Supporting student research

Political science professor and Honors College faculty member Alison McCartney prepares students with valuable and engaging research opportunities.

Alison McCartney

International terrorism. The impact of the United Nations Population Fund. The effect of the military conflict on children at home and across the world.

Each semester, Honors College students explore a range of topics like these and complete independent research projects. With the help of Alison McCartney, many go on to present their work at regional and national research conferences.

“Honors College faculty are truly involved in teaching these students and preparing them for the next stage of life,” explains McCartney. “It is very different from how students are processed through programs at larger institutions. We are focused on developing student intellect, student interest, and student talent and student skills. These are our drivers.”

“ We are focused on developing student intellect, student interest, and student talent and student skills. ”

Alison McCartney

TU has stepped up to the plate to help McCartney maintain that focus. “Towson University’s summer research innovation grants have allowed me to further develop my skills and knowledge through my attendance at various conferences on teaching,” she explains. “These opportunities have been critical to learn more about my craft.”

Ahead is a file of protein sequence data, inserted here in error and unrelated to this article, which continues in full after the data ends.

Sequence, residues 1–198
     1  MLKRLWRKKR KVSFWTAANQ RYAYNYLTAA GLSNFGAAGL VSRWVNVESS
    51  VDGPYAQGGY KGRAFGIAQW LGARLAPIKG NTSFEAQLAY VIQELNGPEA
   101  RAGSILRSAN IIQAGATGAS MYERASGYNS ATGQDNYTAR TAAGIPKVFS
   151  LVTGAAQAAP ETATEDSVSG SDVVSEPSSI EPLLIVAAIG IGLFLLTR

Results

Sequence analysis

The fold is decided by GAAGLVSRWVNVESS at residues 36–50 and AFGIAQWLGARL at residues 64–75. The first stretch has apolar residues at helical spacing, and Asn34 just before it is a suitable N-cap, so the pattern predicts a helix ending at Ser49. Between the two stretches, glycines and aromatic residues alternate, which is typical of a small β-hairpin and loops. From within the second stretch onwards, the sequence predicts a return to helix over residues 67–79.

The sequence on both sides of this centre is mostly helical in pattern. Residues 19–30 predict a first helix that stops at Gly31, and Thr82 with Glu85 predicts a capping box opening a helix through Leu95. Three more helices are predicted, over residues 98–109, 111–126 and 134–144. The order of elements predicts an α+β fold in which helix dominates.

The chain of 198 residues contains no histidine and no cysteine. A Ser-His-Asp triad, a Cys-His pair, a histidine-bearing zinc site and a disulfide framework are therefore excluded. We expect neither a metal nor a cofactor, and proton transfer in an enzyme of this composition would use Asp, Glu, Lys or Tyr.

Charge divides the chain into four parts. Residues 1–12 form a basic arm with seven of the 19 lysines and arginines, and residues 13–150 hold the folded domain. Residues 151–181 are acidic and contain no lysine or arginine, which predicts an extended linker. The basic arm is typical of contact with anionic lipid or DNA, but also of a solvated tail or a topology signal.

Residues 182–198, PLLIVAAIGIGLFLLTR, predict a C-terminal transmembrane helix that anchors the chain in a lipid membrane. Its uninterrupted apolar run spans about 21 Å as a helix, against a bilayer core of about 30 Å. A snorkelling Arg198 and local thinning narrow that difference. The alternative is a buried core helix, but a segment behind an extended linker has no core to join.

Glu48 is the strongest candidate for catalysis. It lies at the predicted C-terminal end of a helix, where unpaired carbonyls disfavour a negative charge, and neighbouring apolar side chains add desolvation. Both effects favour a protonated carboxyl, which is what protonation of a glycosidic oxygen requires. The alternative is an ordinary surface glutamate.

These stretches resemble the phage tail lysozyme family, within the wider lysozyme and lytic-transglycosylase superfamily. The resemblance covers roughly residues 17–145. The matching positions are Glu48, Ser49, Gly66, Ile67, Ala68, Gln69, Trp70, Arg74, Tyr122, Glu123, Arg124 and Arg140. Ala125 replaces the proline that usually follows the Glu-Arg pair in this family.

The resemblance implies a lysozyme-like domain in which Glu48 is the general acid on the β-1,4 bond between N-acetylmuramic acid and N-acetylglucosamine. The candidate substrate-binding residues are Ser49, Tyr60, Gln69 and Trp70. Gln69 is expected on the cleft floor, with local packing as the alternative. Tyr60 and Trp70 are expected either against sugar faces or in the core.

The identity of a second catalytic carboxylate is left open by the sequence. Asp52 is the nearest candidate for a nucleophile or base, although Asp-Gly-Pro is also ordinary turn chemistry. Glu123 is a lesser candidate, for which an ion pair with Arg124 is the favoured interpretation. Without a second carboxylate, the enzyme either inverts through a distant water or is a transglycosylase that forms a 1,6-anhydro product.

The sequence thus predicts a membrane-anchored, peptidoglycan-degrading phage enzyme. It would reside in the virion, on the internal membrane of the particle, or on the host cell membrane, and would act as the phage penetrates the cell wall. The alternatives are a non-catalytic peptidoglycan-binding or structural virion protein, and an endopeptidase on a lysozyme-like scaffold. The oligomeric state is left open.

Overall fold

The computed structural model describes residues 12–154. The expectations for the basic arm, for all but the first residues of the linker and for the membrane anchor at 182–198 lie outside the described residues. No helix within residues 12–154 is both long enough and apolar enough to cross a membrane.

In addition to other teaching and service responsibilities, the 2015 recipient of Towson University’s Outstanding Service Learning Faculty Award also teaches civic engagement. “Our students need to know how to function effectively in society,” says McCartney, who practices what she preaches. When a teacher from one of the poorest high schools in Baltimore County wanted to create a Model United Nations Conference experience but lacked the funding, McCartney stepped in. “With student volunteers, we provided a meaningful learning opportunity. TU students then asked for a class associated with the conference to learn more about global issues, connections between these issues and their communities, and how to effectively work with the communities,” relates McCartney.

She admits that her career has taken a different trajectory based on community and student interests. “I have connected my service to the community with teaching and research in a very fulfilling way.”